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Hogoboom v. Hogoboom

June 14, 2007

JOHN HOGOBOOM, PLAINTIFF-RESPONDENT/ CROSS-APPELLANT,
v.
KELLY HOGOBOOM (N/K/A GRIMSLEY), DEFENDANT-APPELLANT/CROSS-RESPONDENT.



On appeal from Superior Court of New Jersey, Chancery Division-Family Part, Morris County, No. FM-99-14-1469.

The opinion of the court was delivered by: Wefing, P.J.A.D.

NOT FOR PUBLICATION WITHOUT THE APPROVAL OF THE APPELLATE DIVISION

APPROVED FOR PUBLICATION

Argued March 7, 2007

Before Judges Wefing, C.S. Fisher and Messano.

The parties appeal and cross-appeal from post-judgment orders entered by the trial court on December 20, 2005 and January 17, 2006. After reviewing the record in light of the contentions advanced on appeal, we reverse.

The parties were married in October 1988 and divorced pursuant to a judgment of divorce entered in July 1999. During the course of their marriage, the couple had four children, who now range in age from fourteen to nine. In conjunction with the divorce proceedings, the parties engaged in mediation which resulted in a comprehensive property settlement agreement. Under that agreement plaintiff agreed to pay child support of $2,405 per month and alimony of $5,100 per month. The agreement provided for a modification of those sums upon the sale of the marital residence; following that sale, plaintiff paid to defendant $56,000 per year in alimony and $26,000 per year in child support. After setting forth the formula by which that modification was to be calculated, the agreement stated, "Any subsequent change in Kelly's housing arrangements will not result in any further adjustment, upwards or downwards, in these [alimony and child support] payments."

The agreement contained the following provision with regard to plaintiff's obligation to pay alimony:

Alimony will terminate upon: (i) Kelly's death; (ii) Kelly's remarriage; or (iii) the youngest surviving child's graduation from high school or emancipation, as defined herein, whichever first occurs. Alimony will be subject to modification as otherwise prescribed by law. The parties have specifically structured alimony to terminate upon the youngest surviving child's graduation from high school or emancipation, whichever first occurs, not as a substitute for child support, but because Kelly's ability to earn her own income will markedly increase and her consequent need for alimony will decrease when she no longer has primary responsibility for caring for any of the parties' four Children. Alimony will also be reduced if and when Kelly's earned income exceeds $40,000 per annum, with the reduction being in the amount of $.30 (thirty cents) for every $1.00 Kelly earns over $40,000. Kelly will be responsible to notify Jack when her income exceeds the aforesaid $40,000 per annum and Jack may request a copy of Kelly's tax return each year in order to implement this provision. According to the record before us, defendant's income has never reached the $40,000 threshold. Plaintiff, on the other hand, is a partner in a major law firm. According to the financial information contained in the record before us, plaintiff was earning nearly $400,000 when the current dispute developed.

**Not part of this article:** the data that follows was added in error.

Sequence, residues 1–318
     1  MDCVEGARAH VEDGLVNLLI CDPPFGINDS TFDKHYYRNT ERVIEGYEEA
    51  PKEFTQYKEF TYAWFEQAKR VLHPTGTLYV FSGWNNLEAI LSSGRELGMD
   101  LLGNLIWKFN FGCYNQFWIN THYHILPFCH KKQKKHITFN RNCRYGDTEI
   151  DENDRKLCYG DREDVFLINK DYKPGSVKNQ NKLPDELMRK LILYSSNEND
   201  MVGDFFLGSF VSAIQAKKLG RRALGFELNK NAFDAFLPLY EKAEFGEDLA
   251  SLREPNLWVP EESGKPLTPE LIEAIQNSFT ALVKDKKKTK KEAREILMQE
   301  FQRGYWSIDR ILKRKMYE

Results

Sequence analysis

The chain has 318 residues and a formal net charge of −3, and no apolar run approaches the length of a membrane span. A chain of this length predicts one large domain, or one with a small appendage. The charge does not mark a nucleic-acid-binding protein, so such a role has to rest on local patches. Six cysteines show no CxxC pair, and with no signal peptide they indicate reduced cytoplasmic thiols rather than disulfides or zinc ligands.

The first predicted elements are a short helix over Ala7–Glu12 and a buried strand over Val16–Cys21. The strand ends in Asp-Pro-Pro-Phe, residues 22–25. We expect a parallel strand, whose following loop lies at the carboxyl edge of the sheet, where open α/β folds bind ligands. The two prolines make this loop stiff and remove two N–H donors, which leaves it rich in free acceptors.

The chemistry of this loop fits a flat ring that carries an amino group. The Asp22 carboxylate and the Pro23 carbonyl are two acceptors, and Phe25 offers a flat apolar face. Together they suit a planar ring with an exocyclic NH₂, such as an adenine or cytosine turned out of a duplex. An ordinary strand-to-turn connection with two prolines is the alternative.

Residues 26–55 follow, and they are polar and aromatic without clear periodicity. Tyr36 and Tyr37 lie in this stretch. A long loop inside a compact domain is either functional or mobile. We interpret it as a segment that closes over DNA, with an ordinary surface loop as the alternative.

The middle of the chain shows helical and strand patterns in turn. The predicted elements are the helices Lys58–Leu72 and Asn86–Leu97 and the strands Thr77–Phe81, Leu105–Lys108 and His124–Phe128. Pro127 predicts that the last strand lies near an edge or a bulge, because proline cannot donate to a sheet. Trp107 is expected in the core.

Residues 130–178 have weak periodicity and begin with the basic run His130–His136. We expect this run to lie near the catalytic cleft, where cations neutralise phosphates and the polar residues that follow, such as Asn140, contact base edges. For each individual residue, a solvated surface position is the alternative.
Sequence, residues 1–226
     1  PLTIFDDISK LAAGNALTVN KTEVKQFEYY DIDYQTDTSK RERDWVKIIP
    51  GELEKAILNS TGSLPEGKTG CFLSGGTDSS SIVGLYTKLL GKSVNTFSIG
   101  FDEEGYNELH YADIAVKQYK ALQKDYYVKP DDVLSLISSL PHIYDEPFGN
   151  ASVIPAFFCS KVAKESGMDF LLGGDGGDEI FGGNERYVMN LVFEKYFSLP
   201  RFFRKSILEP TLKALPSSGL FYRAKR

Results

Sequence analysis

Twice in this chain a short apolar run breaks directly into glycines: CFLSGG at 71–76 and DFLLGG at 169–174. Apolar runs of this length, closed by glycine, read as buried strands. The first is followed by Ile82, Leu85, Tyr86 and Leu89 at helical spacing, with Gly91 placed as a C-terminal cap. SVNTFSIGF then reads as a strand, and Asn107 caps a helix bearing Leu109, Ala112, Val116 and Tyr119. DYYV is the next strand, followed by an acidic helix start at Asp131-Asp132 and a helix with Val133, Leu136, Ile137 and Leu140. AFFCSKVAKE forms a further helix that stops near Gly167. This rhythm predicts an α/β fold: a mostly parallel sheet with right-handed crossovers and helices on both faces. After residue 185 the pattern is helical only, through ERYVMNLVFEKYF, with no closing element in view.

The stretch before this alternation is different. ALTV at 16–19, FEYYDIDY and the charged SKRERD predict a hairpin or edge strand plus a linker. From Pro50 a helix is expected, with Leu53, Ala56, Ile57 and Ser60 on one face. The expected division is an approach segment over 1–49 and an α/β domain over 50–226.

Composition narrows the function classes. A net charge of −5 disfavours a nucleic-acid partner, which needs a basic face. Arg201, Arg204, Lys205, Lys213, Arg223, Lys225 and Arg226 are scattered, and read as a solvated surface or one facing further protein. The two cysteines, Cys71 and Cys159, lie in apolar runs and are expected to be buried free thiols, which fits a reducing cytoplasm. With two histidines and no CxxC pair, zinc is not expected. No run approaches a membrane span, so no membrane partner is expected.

The agreement further provided that the parties would "renegotiate child support based on both parties' then current incomes every two years after [the modification based upon sale of the marital residence]." According to the record before us, the parties made no effort to renegotiate child support until the events which gave rise to the present dispute.

Following their divorce, each of the parties formed a new relationship. Plaintiff has remarried, while defendant has not. Defendant's boyfriend, however, moved into defendant's new residence in August 2003. In October 2003, plaintiff approached defendant about modifying his financial obligations, but the parties were unable to come to an agreement. In April 2004 plaintiff filed a motion seeking to terminate his obligation to pay alimony based upon defendant's cohabitation with her boyfriend, to modify his child support obligation, and for an increase in parenting time. Defendant filed a cross-motion seeking an increase in plaintiff's payments.

The parties determined not to litigate their disputes but, rather, to submit them to arbitration, and they selected a retired Superior Court judge to serve as arbitrator. Thereafter, they signed an arbitration agreement, drafted by the arbitrator. This agreement included the following provisions pertinent to the appeal before us:

2. Substantive Law, Statutes Governing Arbitration, Rules of Arbitration Applicable. Except as herein otherwise provided, the parties shall be bound by the substantive laws of the State of New Jersey with regard to the subjects raised by the issues in this arbitration.

The arbitration shall proceed in accordance with N.J.S.A. 2A:24-1 et seq.*fn1 The provisions of this Agreement shall govern in case of conflict with said laws and Rules to the extent not ...


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